Viewpoints: Marketing Yourself
College of Business
There are many on-campus career related events coming up in the next two months that are ideal opportunities to promote your skills and experience as well as to connect with employers. In order to take full advantage of what these events offer, it's wise to present yourself in the best way possible. As you plan your success strategy, keep in mind the art of marketing yourself is more than printing out a resume on impressive paper, wearing a professional suit and showing up.
I’m guessing you have already been told by several people across campus that you should attend at least one of the upcoming career events and maybe you have taken that advice to heart. But, have you thought about what you do to get ready beforehand and what you’ll do when you get there? Do you know what you will say and who you will talk to? Above and beyond what you will be wearing, there are many things to consider and work on before setting foot in such an event.
A lot of what I am writing about refers to the branding of oneself. While it is never too early to build your professional brand, the sooner you think about it, the better your chance of success when it comes to job searching. If you are a first-year student, never fear. You have a little more time to think about and develop your brand. As a graduating senior, a review of what you can bring to the table will positively assist you in your job search efforts.
So, how do you promote yourself? Creating your personal brand is one method. Personal branding has everything to do with your image and how you present yourself. Firstly, throw modesty out the window! Many job seekers ask me if it is okay to brag about themselves on their resumes and in an interview. My response? Definitely! Although it’s not exactly bragging, but simply speaking confidently about yourself. This is branding. Branding is how you set yourself apart from others who have similar skills, education and experiences. Feedback from recruiters tells us that many job seekers don’t promote themselves enough.
One of the foundational ways to promote yourself is with your resume. Your resume, otherwise known as your marketing piece, is crucial to your success in finding a job. A resume should showcase your spectacular experiences. It should go without saying, but make sure someone you trust looks over your resume for any typographical errors. Recruiters are turned off by a resume with any kind of mistakes. Having another set of eyes reviewing your resume is therefore greatly to your advantage.
Have a professional review it for content. Is the information relevant to the type of work for which you are applying? Let’s say you want to work in an accounting firm or an advertising agency, but you only have lifeguarding experience. You'll want to give some thought to other experiences – inside and outside of the classroom.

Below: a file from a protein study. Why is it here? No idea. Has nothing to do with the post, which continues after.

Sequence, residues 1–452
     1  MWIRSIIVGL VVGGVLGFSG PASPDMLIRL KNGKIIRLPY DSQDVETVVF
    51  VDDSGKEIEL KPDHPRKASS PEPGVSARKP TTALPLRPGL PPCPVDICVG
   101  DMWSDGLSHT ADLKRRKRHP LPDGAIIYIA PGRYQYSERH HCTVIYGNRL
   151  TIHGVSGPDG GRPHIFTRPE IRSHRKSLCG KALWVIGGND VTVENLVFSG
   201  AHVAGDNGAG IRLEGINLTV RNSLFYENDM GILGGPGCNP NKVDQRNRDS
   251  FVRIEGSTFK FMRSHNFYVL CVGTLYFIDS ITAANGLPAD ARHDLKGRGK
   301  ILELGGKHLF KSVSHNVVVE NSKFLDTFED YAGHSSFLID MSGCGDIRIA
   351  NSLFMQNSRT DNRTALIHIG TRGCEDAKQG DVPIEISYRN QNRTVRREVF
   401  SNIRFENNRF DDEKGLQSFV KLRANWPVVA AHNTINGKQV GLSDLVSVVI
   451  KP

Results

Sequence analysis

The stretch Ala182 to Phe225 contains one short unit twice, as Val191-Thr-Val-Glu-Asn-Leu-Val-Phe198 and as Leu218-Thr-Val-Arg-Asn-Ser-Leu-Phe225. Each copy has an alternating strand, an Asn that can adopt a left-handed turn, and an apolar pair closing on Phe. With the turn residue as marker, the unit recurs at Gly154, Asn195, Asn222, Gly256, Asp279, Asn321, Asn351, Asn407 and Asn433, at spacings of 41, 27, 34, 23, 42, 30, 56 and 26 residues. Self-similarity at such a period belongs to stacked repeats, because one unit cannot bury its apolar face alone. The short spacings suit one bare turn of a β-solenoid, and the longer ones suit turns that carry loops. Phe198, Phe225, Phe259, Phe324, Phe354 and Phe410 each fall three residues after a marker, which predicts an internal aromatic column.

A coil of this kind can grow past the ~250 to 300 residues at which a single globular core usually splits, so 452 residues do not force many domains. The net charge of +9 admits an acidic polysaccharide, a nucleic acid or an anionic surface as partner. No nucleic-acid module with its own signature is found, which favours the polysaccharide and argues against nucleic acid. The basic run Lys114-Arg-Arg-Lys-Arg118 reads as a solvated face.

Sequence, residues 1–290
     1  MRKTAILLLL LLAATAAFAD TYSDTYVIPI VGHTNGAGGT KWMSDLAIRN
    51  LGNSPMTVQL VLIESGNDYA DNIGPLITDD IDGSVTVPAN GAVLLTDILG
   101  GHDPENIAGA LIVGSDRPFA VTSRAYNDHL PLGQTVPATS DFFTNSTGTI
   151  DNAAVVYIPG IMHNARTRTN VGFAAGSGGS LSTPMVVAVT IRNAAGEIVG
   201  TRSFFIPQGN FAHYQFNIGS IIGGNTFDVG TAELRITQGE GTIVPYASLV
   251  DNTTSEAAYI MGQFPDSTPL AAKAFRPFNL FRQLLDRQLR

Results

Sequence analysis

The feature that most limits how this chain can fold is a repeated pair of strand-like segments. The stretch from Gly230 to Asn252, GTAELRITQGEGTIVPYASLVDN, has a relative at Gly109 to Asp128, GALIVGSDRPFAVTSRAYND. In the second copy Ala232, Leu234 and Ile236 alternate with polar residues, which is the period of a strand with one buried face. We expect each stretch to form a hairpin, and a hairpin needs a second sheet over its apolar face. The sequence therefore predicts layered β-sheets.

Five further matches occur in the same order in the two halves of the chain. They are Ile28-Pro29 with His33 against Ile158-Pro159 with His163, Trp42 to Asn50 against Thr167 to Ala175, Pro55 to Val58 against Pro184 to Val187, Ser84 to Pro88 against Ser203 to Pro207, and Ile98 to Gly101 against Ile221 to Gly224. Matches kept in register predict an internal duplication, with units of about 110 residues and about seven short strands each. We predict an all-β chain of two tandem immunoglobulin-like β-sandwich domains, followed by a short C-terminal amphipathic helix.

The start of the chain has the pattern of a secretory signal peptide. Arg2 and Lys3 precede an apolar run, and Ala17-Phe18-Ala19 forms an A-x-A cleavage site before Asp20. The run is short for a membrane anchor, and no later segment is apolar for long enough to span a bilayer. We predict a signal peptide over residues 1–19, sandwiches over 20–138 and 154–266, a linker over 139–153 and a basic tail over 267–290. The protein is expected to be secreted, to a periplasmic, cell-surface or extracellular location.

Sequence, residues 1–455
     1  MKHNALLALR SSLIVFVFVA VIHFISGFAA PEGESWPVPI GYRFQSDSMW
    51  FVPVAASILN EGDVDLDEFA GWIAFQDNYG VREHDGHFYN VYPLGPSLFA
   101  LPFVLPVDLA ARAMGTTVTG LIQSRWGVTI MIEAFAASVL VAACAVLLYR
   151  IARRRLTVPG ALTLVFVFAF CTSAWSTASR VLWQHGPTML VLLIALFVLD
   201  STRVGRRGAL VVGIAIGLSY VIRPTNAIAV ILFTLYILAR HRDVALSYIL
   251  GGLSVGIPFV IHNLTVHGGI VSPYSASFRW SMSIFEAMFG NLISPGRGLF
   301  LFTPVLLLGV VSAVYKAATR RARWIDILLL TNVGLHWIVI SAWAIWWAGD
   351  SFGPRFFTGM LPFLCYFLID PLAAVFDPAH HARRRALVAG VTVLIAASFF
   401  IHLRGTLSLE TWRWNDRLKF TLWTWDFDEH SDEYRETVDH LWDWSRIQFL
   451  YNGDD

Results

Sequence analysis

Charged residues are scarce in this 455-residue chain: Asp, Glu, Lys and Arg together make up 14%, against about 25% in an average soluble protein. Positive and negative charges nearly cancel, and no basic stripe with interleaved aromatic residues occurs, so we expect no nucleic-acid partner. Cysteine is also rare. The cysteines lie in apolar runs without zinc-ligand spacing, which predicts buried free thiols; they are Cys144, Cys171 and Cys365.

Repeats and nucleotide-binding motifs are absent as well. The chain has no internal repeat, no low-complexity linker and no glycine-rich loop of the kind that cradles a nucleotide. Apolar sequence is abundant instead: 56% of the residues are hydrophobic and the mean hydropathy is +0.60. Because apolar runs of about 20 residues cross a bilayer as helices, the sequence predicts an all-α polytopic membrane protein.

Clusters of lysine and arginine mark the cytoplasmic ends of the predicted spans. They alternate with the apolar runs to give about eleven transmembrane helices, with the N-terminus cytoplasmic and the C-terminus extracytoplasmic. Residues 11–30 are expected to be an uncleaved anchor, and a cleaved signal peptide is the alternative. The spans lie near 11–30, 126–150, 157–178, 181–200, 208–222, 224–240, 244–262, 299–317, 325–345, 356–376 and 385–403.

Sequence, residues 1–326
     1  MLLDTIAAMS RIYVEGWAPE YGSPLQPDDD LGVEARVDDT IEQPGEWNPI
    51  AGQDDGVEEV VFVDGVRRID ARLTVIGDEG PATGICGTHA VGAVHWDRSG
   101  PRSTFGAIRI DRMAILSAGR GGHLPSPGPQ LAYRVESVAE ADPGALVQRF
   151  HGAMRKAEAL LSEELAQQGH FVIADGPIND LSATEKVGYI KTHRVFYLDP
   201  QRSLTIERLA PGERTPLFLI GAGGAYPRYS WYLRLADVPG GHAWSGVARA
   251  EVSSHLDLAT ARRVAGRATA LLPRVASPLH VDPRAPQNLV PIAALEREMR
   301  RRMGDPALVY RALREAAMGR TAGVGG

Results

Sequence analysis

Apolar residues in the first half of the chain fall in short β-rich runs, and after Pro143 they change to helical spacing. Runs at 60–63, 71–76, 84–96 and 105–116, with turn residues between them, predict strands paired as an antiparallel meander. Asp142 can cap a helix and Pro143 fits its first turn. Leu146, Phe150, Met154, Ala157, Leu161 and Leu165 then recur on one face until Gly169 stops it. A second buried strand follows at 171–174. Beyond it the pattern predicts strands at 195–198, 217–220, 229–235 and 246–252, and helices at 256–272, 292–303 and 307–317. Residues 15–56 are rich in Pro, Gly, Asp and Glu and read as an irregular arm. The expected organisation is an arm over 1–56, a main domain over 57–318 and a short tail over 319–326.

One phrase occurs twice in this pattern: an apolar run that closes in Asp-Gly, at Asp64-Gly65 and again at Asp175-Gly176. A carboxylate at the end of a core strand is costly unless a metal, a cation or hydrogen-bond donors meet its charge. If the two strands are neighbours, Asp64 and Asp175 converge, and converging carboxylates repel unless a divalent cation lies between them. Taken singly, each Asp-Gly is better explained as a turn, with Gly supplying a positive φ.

Another way to promote yourself is to be prepared and knowledgeable about the company you want to talk with. Attending a Career Fair event where there are many organizations means you’ll need to set aside time for research. Research? Sounds like homework, doesn’t it? Well, you're right! Preparing to market yourself takes work and is very similar to getting ready for a test... only, you already know the questions. Make sure you find out what the company does, where they are located and what type of positions they typically hire. You run the risk of major embarrassment and a poor impression if you ask the company: “So, what do you do?” or “Are your offices in Iowa?” You can easily find this information on their website or by talking with current or former employees.
Now that you've done your research, what do you say? My suggestion is to utilize the information from your research with your introduction. Tell the recruiter your name, major (or area of interest) and why you came to talk to them. Keep it professional. Express your knowledge of the organization, why you are interested in the company or position, relate your background to the organization, and be open, honest, and enthusiastic.
All of this sounds something like: “Hi, my name is Tammy. I will be graduating this spring and I’m interested in human resources. I’ve had a couple of internships in Human Resources and when I researched your company, I saw that you have openings in the rotational program. Could you tell me a little more about that program?” A genuine smile and shining personality doesn’t hurt either. At this point in the conversation, it is a good idea to offer your resume if they haven’t already asked for it. Before you move on, ask the recruiter what the next step is. Don’t be afraid to ask: “When should I expect to hear something?” or “Would it be appropriate for me to follow up with you in a week?” This opens the door for you to get their contact information and utilize it for follow up.
Oh, and remember that professional suit I talked about at the beginning? Wear it! I’ve seen t-shirts, baseball hats, pajamas and prom dresses at career fairs. Don’t go there. Dress as if you were attending an interview. This is your first impression on the employer and you want to look professional. You will stand out, in a positive way, if you dress appropriately. Recruiters will be able to tell you’ve done your homework and know how to successfully promote yourself.
Tammy Stegman is a Career Coordinator in the College of Business Career Services office at Iowa State University.
For More Information
For information on all career-related events happening on the Iowa State University campus, please contact the Career Services office for your college. A listing of the individual offices can be found at: http://www.career.iastate.edu